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Simple sea sponge helps scientists understand tissue rejection

Marine Biological Laboratory

Understanding why some transplant patients reject their new organs requires a working knowledge of how cells recognize and accept or reject each other. Xavier Fernàndez-Busquets, an MBL researcher visiting from the University of Barcelona, has found the perfect ally in this quest: the red beard sea sponge, an Atlantic species that grows abundantly from just north of Cape Cod down to Florida.

The red beard sponge (Microciona prolifera) has a cell-to-cell recognition system that, on a basic level, is similar to that of humans but much simpler. It's also a good organism for laboratory research, since its cells and cell adhesion molecules can be isolated with simple, fast, and non-disruptive methods and studied, and because its fingerlike structures make grafting experiments relatively straightforward.

In experiments carried out on these sponges this summer, Dr. Fernàndez-Busquets and his colleagues are studying the cells and molecules believed to be involved in the process of tissue rejection. By grafting together pieces of different individual sponges that will reject each other--a process that approximates what sometimes happens in human transplants--the scientists have observed that cells known as gray cells migrate to and amass at the graft site, a clear suggestion that they are involved in non-self tissue recognition and rejection. Researchers believe that gray cells may be a primitive form of our immune system's human killer cells.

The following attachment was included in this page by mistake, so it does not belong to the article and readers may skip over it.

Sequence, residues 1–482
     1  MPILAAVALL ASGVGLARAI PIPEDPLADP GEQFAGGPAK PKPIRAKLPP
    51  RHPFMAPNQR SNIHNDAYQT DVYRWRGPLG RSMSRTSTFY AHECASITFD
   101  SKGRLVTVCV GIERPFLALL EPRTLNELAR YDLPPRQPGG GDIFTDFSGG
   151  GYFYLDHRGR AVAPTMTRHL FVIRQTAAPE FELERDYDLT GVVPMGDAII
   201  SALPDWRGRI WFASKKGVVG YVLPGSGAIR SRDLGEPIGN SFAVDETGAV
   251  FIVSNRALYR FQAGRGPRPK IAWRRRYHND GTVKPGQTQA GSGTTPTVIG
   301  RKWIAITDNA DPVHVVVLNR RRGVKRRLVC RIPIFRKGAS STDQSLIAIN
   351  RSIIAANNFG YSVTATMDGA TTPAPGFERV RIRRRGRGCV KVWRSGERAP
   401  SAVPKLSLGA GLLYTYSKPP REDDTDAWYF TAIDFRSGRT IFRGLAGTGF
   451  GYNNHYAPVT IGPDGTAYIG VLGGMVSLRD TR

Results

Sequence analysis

Fernàndez-Busquets has also been researching the role of the molecule called aggregation factor proteoglycan, which he has recently identified as another potential player in sponge tissue rejection reactions, and which is very easy to study in sponges. The human version of this molecule, which is different from the sponge version but similar in structure, is also believed to have important functions in cell-to-cell interactions, but is hard to study.

The ultimate goal of this research is to provide insights into the machinery behind human tissue rejection and immune responses in hopes of someday being able to control these processes and save lives.

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